Canada: The Bank of Canada’s announced pause takes away whatever (albeit limited) impact domestic data typically has on the exchange rate. That said, the reaction to a much strongest than expected jobs report is an exception that proves the rule. Part of the reason the BOC is going to stand pat is to evaluate the cumulative rate hikes. One area that has felt the higher interest rates is the housing market, and Canada reports January starts and existing home sales. However, the more important driver of the exchange rate continues to be the general risk appetite. The 30-day correlation eased from 0.88 in mid-December to about 0.65 in early February. The 60-day correlation is near 0.78. The 30-day correlation with WTI is less than 0.05, and the 60-day correlation is around 0.27, which is the least since last June. That is roughly the same as the correlation between changes in the exchange rate and the two-year interest rate differential. Still, the 121k increase in full-time jobs last month, the most since last May, and more about twice the monthly average in Q4 22 underscore our suspicion that the risk is that the Bank of Canada hikes rates again. The greenback posted a bearish outside down day before the weekend by trading on both sides of Thursday’s range and settling below its low. The next obvious target is the recent low near CAD1.3260 and then the low from the middle of last November around CAD1.3225. The 200-day moving average begins the new week by CAD1.3235, and the US dollar has not closed below in seven months.

Australia: Last week’s 25 bp rate hike and indication from officials that they see additional moves as necessary takes some thunder from the January jobs report on February 16. Australia created more than three-time the number of full-time employment in Q4 22 (~107k) than in Q3 (~29k). The Australian dollar approached our $0.6850 target earlier than we had expected and recovered to the $0.7000 area, where it stalled. In its monetary policy statement, the RBA noted the tightness of the labor market and cautioned that price pressures remained broad-based and too high. It revised its underlying measure of inflation (trimmed mean) to 6.25% in the middle of the year from 5.5%. It signaled that the cash rate target may be lifted to 3.75% from 3.30%. The Australian dollar popped on the RBA statement, but without establishing a foothold above $0.7000, the risk is that it may have to retest the lows again. There is scope for a test on $0.6800 if the $0.6850 area gives way.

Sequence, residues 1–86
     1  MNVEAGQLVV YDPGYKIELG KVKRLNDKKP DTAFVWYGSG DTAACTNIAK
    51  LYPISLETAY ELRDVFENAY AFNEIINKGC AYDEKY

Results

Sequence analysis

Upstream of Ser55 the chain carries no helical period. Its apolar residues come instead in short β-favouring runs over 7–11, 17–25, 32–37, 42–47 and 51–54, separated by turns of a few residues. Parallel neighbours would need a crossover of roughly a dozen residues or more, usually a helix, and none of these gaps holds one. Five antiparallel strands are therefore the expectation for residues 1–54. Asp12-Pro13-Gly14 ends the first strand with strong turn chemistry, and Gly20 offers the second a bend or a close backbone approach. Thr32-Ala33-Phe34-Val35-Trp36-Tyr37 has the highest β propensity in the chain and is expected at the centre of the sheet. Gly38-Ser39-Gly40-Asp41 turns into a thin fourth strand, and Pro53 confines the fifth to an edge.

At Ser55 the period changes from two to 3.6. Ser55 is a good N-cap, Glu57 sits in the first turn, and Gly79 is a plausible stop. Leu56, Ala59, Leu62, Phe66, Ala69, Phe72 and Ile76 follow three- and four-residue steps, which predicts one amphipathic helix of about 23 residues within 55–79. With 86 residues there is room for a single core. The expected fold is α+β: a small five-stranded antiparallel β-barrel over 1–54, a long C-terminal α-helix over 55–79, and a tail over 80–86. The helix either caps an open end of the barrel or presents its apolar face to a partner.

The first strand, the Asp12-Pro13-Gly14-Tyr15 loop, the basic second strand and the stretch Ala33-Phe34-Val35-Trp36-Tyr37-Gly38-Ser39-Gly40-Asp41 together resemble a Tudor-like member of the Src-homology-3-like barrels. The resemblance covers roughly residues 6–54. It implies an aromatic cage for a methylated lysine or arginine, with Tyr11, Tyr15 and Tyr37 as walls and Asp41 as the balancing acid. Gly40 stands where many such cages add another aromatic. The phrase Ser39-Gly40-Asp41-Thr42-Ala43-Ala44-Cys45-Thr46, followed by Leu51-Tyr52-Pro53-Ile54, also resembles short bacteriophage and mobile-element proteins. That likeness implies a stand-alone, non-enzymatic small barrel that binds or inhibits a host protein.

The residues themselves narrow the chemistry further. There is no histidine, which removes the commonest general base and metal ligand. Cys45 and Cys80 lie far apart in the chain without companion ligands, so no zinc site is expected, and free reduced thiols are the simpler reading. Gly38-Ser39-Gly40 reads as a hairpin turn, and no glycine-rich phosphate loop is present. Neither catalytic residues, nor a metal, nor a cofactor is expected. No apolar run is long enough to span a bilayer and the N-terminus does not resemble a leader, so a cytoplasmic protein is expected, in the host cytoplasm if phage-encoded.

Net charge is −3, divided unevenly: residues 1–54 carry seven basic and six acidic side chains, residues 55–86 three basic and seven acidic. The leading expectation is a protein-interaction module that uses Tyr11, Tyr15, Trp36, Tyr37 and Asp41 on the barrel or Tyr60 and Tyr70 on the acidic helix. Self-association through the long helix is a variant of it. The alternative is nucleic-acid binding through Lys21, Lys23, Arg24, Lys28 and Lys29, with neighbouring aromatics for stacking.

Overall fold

Mexico:  The central bank’s more aggressive 50 bp rate hike last week surprised the markets and sent the peso sharply higher. Some economists had expected a quarter-point hike to have signaled the end of the tightening cycle. Moreover, Banxico made it clear that it was not done but suggested the next move could be smaller. The central bank meets next on March 30. It was the first time since last March that Banxico took a bigger step than the Federal Reserve. The overnight target rate is now at 11.0%, and the swaps market looks for a peak between 11.75%. Initial support is now seen MXN18.60-MXN18.65 band, which was entered before the weekend, but the three-year low near MXN18.50 seen in January and again earlier this month offers more significant support. In the medium term, we see potential toward MXN18.00.

China: The markets seemed most euphoric over the re-opening of China when mainland markets were closed for the Lunar New Year. However, a nearly 5% pullback in the CSI 300 brought new foreign buying. Nevertheless, the CSI finished lower for the second consecutive week. Illustrating the broader dollar recovery after the incredible jobs report saw the greenback trade from around CNY6.70 to CNY6.8145 ahead of the weekend. On Monday, January 9, the dollar gapped lower against the yuan. The gap is found between CNY6.8150 and CNY6.8280. Assuming the gap is filled, we suspect there is potential toward CNY6.88-CNY6.90. The yuan appears to be continuing to track the euro and yen. The 60-day correlations are around 0.50 and 0.42, respectively, little changed from the end of 2022.

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Marc Chandler
He has been covering the global capital markets in one fashion or another for more than 30 years, working at economic consulting firms and global investment banks. After 14 years as the global head of currency strategy for Brown Brothers Harriman, Chandler joined Bannockburn Global Forex, as a managing partner and chief markets strategist as of October 1, 2018.